Marilyn finished her treatment around October 2011, and her four-month battle with cancer was finally in the past. She remains cancer free.
“I can’t say enough good things about Rose,” she says. “It was great, they were really great. [They are] very sensitive to cancer and the specific needs of cancer patients.”
Marilyn’s family was instrumental in supporting her during those difficult months.
“I don’t know what I would’ve done without my family. They were just absolutely incredible,” says Marilyn.
The support of her friends also gave her strength. She always felt the love and care surrounding her, even when she wasn’t well enough to talk to her friends or return their calls. To Marilyn, it always seemed that her friends and her family were feeling what she was feeling—that she was not going through it alone.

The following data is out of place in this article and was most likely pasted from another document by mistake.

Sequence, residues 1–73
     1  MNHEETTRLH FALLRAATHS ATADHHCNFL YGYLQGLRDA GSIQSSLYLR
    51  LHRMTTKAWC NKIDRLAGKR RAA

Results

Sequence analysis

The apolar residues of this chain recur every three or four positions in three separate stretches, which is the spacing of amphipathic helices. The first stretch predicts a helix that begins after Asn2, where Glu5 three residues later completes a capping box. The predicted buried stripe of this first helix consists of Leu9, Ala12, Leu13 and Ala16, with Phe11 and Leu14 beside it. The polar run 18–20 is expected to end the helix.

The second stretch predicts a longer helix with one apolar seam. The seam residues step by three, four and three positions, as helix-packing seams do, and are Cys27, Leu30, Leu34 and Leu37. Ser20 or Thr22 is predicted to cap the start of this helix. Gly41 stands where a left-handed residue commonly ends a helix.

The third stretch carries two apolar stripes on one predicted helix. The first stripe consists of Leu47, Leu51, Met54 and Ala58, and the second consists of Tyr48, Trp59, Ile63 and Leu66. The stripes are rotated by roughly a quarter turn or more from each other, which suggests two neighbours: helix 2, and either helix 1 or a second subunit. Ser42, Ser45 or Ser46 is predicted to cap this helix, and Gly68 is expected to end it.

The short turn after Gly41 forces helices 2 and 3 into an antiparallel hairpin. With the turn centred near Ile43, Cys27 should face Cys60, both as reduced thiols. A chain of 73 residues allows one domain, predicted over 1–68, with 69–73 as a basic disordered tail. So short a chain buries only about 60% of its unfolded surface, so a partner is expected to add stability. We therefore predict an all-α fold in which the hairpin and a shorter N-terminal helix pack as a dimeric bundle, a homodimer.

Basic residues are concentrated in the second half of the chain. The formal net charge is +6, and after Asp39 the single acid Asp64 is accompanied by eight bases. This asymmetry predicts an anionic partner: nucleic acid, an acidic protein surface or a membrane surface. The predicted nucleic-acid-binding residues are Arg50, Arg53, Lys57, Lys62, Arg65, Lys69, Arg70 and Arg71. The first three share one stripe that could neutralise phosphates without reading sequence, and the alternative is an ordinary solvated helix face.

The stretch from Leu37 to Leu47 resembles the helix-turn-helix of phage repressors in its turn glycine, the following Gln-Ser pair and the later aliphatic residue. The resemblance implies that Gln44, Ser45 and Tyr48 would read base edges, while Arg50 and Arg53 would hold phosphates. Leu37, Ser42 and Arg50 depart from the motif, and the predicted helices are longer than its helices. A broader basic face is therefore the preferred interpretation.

“My friends were incredible, it was like they were feeling it themselves, and I just could not ask for a better group of friends,” she says. “I didn’t know how much people could love me before this happened.”
When asked what advice she would offer to someone else battling cancer: “Just trust that people really love you and want to be there for you.”
The Rose “Surviving Well” calendar is a 12-month calendar highlighting our cancer services, physicians and inspirational stories from our patients. Marilyn is our survivor for June.